• Text-to-Speech: Enabled
  • X-Ray:
  • Lending: Not Enabled
  • Amazon Best Sellers Rank: #599,871 Paid in Kindle Store (See Top 100 Paid in Kindle Store)
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Customer Reviews

Most Helpful Customer Reviews
10 of 11 people found the following review helpful
3.0 out of 5 stars Heads or tails? March 13, 2012
Format:Hardcover
Let's start by saying how much I enjoyed reading a smart young adult novel that wasn't a dystopia and didn't have the usual love triangle. The story follows Ephraim Scott, whose life changes when he finds a coin with Washington's head facing the wrong way commemorating the state of Puerto Rico. He discovers that when he makes a wish a flips the coin, it comes true. Or close to true.

For the first half of the novel, Ephraim uses this newfound power to take care of all the things gone wrong in his life. His mom's a drunk and he likes a girl named Jena. Of course, this magic coin ends up being used on girls. Things start to go wrong when other things in Ephraim's world changes along with his wish. People become different, events rearrange themselves.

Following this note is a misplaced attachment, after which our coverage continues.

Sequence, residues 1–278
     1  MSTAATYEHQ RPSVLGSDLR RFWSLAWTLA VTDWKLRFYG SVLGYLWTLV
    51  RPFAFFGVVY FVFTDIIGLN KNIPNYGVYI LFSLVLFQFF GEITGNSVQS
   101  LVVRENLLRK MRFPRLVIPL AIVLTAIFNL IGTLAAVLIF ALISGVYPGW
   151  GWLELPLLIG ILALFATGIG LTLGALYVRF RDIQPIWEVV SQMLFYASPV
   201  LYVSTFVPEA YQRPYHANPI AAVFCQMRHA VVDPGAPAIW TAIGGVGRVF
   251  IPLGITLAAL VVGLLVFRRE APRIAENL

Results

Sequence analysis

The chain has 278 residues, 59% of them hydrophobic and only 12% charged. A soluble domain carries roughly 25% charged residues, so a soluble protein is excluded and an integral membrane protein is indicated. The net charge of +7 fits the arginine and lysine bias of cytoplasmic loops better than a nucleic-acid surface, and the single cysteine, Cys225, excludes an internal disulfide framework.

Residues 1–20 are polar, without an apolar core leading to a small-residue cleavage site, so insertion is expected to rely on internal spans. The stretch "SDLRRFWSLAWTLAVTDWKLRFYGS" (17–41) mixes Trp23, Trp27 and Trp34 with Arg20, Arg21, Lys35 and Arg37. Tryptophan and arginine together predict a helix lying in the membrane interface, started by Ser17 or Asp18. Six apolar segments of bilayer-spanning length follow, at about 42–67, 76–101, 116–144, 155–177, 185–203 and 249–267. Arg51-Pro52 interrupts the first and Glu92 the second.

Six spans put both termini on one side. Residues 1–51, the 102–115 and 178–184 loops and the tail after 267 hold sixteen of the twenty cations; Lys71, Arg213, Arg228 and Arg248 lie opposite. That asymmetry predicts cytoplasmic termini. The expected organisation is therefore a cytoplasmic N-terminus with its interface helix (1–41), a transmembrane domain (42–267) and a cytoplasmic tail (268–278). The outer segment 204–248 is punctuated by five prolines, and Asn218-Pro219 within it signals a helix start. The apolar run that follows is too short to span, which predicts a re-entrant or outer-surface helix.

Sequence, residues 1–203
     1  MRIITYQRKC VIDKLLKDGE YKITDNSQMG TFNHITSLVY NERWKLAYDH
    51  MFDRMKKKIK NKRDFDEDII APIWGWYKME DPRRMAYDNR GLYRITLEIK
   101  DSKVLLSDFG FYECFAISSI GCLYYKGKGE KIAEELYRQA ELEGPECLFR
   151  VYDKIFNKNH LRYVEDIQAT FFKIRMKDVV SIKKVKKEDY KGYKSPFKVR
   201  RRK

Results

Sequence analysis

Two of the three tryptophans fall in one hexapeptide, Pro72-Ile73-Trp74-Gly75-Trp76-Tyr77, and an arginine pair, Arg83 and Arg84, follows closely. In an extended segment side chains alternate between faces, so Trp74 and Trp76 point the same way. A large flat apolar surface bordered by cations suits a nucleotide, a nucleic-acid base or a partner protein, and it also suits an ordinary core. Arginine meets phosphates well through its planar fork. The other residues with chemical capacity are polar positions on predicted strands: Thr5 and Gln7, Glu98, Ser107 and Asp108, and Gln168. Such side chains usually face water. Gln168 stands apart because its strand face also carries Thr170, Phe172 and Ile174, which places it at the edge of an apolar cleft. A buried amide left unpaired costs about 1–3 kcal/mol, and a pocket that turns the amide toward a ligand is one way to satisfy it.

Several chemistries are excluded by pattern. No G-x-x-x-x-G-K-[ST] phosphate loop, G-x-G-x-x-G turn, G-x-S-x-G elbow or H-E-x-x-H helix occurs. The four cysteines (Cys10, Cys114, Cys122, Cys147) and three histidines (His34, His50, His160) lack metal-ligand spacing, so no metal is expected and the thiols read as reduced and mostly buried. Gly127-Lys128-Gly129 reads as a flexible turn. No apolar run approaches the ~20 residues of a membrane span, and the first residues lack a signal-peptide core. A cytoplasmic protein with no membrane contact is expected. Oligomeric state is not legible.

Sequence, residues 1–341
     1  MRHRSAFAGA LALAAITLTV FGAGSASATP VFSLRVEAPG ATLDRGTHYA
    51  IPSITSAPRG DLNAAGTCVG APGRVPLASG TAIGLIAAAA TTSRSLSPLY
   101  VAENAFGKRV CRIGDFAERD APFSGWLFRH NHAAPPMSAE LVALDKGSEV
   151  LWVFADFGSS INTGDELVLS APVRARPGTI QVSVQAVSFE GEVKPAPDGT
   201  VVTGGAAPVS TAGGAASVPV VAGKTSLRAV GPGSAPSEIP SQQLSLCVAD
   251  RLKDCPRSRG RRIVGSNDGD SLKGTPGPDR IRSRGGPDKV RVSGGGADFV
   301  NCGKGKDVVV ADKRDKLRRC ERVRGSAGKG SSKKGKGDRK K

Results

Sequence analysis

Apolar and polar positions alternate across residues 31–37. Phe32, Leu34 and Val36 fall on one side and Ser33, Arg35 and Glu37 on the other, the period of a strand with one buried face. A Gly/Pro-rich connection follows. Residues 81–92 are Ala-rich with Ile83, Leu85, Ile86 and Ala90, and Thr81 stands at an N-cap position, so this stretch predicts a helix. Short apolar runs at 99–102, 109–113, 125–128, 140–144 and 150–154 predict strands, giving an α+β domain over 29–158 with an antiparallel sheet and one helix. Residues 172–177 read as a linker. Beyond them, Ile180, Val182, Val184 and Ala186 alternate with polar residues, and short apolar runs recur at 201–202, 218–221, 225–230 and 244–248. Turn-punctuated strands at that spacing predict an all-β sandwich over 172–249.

I felt like there was a lot of this "discovery" phase for Ephraim - nothing particular happening for quite a while except making wishes and seeing how they turn out. Not until he shares this power with his best friend Nathan does things really start to go downhill. Actually, the whole story changes in that it becomes a science fiction thriller with a very human bad guy with a gun.

There are a lot of things to like about Fair Coin. All the characters: Ephraim, Nathan, Jena feel like real teenagers. Their minds are preoccupied on their crushes and other shallow things - I wanted Ephraim to do something selfless with the coin but he never quite gets there. On top of that, I felt like Ephraim didn't have any real feelings for Jena other than her being cute and smart, and still he bases almost all his choices on her.